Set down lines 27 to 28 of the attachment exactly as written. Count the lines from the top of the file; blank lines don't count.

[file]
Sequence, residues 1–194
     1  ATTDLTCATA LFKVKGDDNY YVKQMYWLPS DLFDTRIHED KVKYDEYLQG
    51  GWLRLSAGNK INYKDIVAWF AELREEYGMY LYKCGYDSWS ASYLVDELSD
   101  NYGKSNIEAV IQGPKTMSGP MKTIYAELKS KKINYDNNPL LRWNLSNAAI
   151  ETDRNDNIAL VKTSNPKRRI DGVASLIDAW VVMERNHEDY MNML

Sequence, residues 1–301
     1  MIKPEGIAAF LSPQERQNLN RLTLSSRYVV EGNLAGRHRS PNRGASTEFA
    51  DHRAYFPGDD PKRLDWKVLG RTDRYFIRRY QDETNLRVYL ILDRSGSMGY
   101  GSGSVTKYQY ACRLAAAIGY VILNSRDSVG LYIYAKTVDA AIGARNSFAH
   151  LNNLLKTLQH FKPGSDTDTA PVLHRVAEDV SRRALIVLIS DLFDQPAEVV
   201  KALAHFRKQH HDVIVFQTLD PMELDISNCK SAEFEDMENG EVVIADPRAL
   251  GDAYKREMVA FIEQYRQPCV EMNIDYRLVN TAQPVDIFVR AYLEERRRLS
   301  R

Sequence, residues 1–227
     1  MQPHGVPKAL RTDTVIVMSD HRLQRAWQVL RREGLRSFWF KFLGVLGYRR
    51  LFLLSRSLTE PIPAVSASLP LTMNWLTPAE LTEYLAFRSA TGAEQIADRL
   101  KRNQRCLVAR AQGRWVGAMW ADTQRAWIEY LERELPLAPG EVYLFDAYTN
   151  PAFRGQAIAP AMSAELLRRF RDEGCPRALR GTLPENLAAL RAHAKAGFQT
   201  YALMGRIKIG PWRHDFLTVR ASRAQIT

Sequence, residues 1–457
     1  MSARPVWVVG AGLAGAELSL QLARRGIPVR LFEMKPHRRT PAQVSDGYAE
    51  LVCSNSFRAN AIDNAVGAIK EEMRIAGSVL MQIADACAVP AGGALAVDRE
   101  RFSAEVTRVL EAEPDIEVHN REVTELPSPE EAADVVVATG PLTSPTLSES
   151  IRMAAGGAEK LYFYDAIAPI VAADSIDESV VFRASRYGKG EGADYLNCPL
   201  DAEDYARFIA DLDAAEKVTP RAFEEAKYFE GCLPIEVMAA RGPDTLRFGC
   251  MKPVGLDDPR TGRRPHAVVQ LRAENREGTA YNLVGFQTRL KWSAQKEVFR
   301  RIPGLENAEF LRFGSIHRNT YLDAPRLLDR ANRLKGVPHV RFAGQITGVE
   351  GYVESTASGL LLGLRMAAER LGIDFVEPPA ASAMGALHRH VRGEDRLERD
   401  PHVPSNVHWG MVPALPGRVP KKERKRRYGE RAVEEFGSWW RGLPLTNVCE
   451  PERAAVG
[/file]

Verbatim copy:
   301  RIPGLENAEF LRFGSIHRNT YLDAPRLLDR ANRLKGVPHV RFAGQITGVE
   351  GYVESTASGL LLGLRMAAER LGIDFVEPPA ASAMGALHRH VRGEDRLERD